Dorothea's Reviews > The Master of Bruges

The Master of Bruges by Terence Morgan
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's review
Apr 04, 2011

really liked it
bookshelves: historical-fiction
Read from March 23 to 29, 2011

This novel purports to be the memoirs of the painter Hans Memling, who lived and worked in Burgundy though he was born in Germany.

From December 1460 to his death in 1494 we share Memling’s loves and adventures and through him we meet many of the people who are of significance to anyone interested in the late medieval period. Obviously the Burgundian court of the time features strongly: Charles the Bold, his wife Margaret of York, his daughter Marie and later her husband Maximilian.

However, the author weaves the fact that Edward IV and his brother Richard spend their exile during the readeption of Henry VI 1470/71 in Burgundy into his story and has the brothers and their small circle of friends staying at Memling’ house for a few days. Thus the painter becomes directly involved with the Yorkist court. To finish a triptych for Sir John Donne he eventually travels to England just in time to be a witness to the events which interest Ricardians so much: he arrives in late 1482 and stays until 1485. When he first arrives, he is also commissioned to paint Edward IV, Elizabeth Woodville as well as Richard of Gloucester. The reader then experiences with Memling the eventful period from Edward’s death, through Richard’s reign until Henry VII takes the throne. During this time, Richard as well as his nephews freely share their thoughts with the painter.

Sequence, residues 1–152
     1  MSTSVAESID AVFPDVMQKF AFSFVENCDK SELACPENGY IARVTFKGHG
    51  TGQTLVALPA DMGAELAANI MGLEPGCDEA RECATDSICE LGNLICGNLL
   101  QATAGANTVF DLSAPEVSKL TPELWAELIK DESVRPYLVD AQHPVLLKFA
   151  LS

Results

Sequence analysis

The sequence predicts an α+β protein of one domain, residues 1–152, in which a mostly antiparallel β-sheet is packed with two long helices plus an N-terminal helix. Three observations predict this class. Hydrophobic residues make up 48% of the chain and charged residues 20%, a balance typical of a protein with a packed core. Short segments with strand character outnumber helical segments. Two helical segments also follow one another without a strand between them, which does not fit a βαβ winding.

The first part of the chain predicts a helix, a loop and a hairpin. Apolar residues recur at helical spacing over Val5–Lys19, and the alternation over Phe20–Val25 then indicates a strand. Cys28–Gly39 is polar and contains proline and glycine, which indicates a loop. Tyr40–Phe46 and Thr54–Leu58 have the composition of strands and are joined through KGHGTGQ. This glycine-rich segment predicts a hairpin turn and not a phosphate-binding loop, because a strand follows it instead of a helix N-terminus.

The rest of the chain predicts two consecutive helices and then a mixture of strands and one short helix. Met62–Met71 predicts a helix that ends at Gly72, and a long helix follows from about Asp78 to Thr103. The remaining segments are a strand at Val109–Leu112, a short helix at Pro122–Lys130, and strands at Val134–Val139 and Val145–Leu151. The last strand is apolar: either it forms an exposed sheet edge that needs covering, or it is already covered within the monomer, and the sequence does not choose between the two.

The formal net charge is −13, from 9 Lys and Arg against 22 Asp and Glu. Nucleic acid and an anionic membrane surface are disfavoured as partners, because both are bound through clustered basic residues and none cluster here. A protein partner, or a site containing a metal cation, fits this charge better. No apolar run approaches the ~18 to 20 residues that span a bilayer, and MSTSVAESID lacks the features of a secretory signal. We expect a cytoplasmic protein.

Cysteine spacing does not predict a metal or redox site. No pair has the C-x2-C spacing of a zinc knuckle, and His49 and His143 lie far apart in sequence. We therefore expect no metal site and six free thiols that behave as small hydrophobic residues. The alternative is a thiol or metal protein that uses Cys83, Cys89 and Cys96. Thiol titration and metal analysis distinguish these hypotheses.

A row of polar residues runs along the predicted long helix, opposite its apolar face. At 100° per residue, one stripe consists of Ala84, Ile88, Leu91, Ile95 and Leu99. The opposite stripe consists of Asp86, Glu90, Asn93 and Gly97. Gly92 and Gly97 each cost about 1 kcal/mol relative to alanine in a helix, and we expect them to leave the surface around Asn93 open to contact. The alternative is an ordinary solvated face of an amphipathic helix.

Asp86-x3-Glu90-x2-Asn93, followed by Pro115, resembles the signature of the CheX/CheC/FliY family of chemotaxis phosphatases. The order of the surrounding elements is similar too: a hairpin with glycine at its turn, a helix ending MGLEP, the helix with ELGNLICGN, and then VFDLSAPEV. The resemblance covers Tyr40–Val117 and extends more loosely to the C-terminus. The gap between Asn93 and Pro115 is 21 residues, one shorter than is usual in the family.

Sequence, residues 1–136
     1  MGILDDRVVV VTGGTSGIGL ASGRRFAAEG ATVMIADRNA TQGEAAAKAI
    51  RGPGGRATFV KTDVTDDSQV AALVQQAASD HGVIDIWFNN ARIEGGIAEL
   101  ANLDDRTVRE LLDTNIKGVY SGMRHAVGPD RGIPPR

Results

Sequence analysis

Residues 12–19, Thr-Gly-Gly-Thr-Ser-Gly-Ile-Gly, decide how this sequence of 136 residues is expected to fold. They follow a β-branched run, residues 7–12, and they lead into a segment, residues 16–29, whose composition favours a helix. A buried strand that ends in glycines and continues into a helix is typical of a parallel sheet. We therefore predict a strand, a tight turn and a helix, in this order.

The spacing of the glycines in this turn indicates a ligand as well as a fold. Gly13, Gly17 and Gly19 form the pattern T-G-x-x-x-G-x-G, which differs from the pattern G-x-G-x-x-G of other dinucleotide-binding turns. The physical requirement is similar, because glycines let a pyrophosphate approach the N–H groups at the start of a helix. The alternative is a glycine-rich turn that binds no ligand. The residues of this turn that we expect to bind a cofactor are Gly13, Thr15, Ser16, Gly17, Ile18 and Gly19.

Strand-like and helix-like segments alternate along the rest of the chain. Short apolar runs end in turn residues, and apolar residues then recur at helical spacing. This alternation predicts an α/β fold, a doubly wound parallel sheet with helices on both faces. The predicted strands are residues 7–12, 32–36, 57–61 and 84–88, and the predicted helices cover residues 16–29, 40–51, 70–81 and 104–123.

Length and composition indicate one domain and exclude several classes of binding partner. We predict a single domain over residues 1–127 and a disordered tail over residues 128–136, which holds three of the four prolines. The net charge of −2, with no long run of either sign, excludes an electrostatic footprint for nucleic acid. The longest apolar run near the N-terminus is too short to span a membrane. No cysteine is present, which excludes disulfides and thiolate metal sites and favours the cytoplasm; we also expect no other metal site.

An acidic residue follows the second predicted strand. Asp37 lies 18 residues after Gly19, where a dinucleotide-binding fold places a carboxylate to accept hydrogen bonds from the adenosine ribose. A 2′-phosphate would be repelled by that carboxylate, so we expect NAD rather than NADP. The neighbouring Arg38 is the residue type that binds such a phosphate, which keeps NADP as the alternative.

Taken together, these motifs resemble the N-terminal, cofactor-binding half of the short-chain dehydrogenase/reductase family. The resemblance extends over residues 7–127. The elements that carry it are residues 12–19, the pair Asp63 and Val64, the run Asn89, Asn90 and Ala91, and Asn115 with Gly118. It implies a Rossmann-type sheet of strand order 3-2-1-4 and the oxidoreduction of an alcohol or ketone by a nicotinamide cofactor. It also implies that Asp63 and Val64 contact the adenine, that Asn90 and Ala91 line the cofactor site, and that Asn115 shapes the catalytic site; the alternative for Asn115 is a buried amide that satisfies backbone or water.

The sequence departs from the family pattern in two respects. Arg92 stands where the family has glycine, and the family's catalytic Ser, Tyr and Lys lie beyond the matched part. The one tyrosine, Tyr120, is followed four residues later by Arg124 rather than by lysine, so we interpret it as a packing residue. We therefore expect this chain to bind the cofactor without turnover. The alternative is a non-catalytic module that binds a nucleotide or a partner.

The story is interwoven with short chapters, where Memling explains aspects of artistic technique, which are reflected in the incidents described in the chapters following.

All the main characters in the novel are historical persons and most of the paintings mentioned still exist. Memling really did paint a triptych for Sir John Donne. However, there is no evidence that Memling had any connection to the Yorkist kings or ever visited England, let alone that he painted any of pictures of them referred to.

The story is a fast-paced amd entertaining read. Any Ricardian reader will be pleased to hear that it is strongly sympathetic to Richard. The view of medieval affairs might in some instances be a bit simplistic, as for instance when the author has Sir John Donne explain to Memling the nature of the Wars of the Roses: “The English do not make war in the same way as other nations. The aristocracy attack and kill each other, make captives and demand ransoms, but the ordinary people are left alone”. Considering that in the Battle of Towton approx. 1% of the English population at the time died, it would seem to me that a fair share of the ordinary people were very much involved. However, in spite of this minor squabble, I thoroughly enjoyed this novel and can only recommend it. A book I could not put down!

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